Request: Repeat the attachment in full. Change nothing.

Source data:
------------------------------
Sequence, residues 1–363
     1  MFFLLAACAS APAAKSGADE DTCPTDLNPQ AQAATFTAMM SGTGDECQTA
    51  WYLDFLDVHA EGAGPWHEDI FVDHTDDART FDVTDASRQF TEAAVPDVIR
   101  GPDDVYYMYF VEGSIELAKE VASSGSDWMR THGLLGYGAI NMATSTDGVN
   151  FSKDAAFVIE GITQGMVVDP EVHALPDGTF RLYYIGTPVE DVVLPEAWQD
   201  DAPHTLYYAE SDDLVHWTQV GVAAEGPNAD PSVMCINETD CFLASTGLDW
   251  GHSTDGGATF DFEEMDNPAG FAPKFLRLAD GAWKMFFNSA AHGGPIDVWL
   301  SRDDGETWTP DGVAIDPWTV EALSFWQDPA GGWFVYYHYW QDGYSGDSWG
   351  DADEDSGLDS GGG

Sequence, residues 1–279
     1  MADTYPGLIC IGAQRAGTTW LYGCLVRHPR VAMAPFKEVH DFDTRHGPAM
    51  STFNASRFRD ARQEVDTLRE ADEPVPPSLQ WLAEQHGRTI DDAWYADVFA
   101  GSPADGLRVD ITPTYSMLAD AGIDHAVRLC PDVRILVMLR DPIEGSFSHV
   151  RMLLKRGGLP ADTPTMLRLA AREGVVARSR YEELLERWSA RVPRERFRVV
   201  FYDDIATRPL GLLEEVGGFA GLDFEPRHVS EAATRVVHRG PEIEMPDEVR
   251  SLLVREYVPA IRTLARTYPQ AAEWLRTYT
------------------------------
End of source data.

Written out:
Sequence, residues 1–363
     1  MFFLLAACAS APAAKSGADE DTCPTDLNPQ AQAATFTAMM SGTGDECQTA
    51  WYLDFLDVHA EGAGPWHEDI FVDHTDDART FDVTDASRQF TEAAVPDVIR
   101  GPDDVYYMYF VEGSIELAKE VASSGSDWMR THGLLGYGAI NMATSTDGVN
   151  FSKDAAFVIE GITQGMVVDP EVHALPDGTF RLYYIGTPVE DVVLPEAWQD
   201  DAPHTLYYAE SDDLVHWTQV GVAAEGPNAD PSVMCINETD CFLASTGLDW
   251  GHSTDGGATF DFEEMDNPAG FAPKFLRLAD GAWKMFFNSA AHGGPIDVWL
   301  SRDDGETWTP DGVAIDPWTV EALSFWQDPA GGWFVYYHYW QDGYSGDSWG
   351  DADEDSGLDS GGG

Sequence, residues 1–279
     1  MADTYPGLIC IGAQRAGTTW LYGCLVRHPR VAMAPFKEVH DFDTRHGPAM
    51  STFNASRFRD ARQEVDTLRE ADEPVPPSLQ WLAEQHGRTI DDAWYADVFA
   101  GSPADGLRVD ITPTYSMLAD AGIDHAVRLC PDVRILVMLR DPIEGSFSHV
   151  RMLLKRGGLP ADTPTMLRLA AREGVVARSR YEELLERWSA RVPRERFRVV
   201  FYDDIATRPL GLLEEVGGFA GLDFEPRHVS EAATRVVHRG PEIEMPDEVR
   251  SLLVREYVPA IRTLARTYPQ AAEWLRTYT